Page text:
HRSG Forum 2023: EPRI Technology Transfer Workshop – Combined Cycle Journal

HRSG Forum 2023: EPRI Technology Transfer Workshop

Steven C Stultz, Consulting Editor

Editor’s note: Registered users can access the comprehensive slide deck developed by EPRI for its HRSG Technology Transfer Workshop, go to, click the HRSG Forum logo and then the “Conference Archives” button at the top of the screen.

As a final day attached to the HRSG Forum’s 2023 Conference and Vendor Fair, June 12 – 15, at the Renaissance Atlanta Waverly, the Electric Power Research Institute presented EPRI heat-recovery steam generator technology transfer day, open to all Forum attendees.

Principal organizers were these EPRI program leaders:

  • Bill Carson, HRSG.
  • Tom Sambor, Power Plant Piping.
  • John Siefert, Materials.

Primary agenda topics included the following:

  • Current industry challenges.
  • Safety issues with header end caps.
  • Activities with high-temperature components.
  • Steam leaks in high-temperature intersections (tees).
  • Damage related to attemperators/desuperheaters.
  • Activities with low-temperature components.

Bill Carson opened the program with a safety session on personal protective equipment, followed by an overview of information available through the EPRI website. Those interested should visit

Eugene Eagle, Duke Energy, the utility chair of the HRSG program, then presented an overview of EPRI Program 218, Heat-recovery steam generators, and research areas that include damage mitigation, improved performance, life management, flexible operation, and HRSG innovations. He included specific values gained from EPRI Program technology research activities. For more details, visit Program 218: Heat Recovery Steam Generators | Program Home (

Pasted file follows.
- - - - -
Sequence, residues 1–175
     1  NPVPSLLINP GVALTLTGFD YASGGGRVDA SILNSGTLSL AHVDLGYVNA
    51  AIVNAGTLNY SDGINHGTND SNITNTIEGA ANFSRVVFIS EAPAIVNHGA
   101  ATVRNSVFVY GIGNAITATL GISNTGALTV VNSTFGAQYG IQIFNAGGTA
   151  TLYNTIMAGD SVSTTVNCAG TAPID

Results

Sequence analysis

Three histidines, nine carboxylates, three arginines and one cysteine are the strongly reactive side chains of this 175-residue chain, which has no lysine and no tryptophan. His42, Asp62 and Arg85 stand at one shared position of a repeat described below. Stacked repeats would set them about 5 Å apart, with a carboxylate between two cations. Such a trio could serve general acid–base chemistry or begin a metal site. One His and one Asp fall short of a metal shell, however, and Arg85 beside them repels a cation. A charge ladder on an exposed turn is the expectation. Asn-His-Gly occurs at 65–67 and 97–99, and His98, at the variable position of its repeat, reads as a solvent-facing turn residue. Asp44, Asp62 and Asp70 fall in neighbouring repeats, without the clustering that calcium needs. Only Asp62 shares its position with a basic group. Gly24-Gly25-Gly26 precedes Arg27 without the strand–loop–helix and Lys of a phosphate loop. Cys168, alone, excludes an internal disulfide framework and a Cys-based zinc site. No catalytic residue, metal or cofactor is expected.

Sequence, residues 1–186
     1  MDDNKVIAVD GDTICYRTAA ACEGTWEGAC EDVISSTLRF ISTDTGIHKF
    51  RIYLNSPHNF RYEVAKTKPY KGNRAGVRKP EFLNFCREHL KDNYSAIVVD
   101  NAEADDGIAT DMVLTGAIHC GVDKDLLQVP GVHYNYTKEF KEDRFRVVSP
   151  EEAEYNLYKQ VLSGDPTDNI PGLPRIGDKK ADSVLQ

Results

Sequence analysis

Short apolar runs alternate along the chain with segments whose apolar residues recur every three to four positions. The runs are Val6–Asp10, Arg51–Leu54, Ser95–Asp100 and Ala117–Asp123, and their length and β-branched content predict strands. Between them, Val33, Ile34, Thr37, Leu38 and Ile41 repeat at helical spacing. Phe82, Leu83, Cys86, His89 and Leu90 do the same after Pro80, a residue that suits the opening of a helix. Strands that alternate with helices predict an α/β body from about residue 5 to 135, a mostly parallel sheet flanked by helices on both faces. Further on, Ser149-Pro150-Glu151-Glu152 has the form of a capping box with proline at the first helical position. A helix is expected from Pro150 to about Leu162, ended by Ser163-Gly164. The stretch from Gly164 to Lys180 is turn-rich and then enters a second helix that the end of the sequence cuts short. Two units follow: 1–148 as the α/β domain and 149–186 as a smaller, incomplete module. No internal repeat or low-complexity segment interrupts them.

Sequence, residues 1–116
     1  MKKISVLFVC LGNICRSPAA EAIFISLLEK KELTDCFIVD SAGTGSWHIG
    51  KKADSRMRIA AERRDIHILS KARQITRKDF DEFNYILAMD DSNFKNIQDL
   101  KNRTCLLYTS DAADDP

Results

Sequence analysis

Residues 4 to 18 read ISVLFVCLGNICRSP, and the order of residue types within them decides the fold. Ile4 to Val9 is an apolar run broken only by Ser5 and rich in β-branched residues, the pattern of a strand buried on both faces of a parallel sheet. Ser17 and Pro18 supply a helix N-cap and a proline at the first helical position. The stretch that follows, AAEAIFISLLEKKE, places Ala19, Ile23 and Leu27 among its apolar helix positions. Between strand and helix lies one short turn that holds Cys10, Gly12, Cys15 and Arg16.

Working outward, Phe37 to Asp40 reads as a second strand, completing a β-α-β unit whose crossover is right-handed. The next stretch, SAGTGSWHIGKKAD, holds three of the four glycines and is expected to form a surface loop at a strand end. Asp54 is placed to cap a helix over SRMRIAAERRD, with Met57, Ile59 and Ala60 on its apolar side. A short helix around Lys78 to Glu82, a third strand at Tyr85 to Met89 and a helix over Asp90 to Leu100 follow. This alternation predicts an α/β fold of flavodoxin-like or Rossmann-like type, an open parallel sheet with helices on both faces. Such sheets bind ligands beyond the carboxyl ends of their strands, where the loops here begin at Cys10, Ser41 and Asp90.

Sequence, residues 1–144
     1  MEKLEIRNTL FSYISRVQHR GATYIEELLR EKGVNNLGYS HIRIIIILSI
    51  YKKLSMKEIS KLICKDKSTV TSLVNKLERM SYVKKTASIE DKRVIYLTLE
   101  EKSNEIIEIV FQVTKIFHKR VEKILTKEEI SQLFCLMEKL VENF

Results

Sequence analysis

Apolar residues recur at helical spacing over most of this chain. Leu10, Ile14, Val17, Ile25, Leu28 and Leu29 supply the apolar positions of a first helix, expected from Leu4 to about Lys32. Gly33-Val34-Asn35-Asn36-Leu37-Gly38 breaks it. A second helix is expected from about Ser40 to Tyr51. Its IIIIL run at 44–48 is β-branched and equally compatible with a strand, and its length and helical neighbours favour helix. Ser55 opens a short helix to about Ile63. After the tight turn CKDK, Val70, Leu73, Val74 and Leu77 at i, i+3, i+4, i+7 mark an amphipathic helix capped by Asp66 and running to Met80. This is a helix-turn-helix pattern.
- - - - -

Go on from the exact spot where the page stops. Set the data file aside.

Today’s challenges

Tom Sambor offered an interesting assessment of the state-of-the-industry, and summarized HRSG infrastructure challenges (table), stating “Uncertainty is increasing; resources are decreasing.”

Sambor focused on the increasing need for an “integrated life-management” strategy, which EPRI has organized into seven parts. An integrated-life management approach for a component relies on, at a minimum, an equivalent consideration of mechanics (structural analysis, thermal hydraulics, etc), metallurgy, and nondestructive evaluation.

EPRI has numerous examples where each of these elements, he stated, are performed “poorly” by power generation service providers as they frequently lack a “rigorous approach.” See “Integrated Life Management of Grade 91 Steel Components: A Summary of Research Supporting the Electric Power Research Institute’s Well-Engineered Approach” for free download.

Sambor then reviewed how EPRI has a suite of information available for HRSGs that fits within each part of an integrated life-management strategy in detail.

Fundamentals. The “industry is reliant on NDE as the only tool in the toolbox,” despite industry codes and standards emphasizing the importance of materials testing and engineering evaluation, Sambor stated. He referenced a series of documents that the HRSG program at EPRI has on fundamentals, increasingly important because of the loss of both service-provider expertise and engineering and support staff within utilities.

Service experience. Sambor explained how the examination of unexpected, premature, or early-in-life industry failures has led EPRI to identify some components or systems as systemic “industry issues.”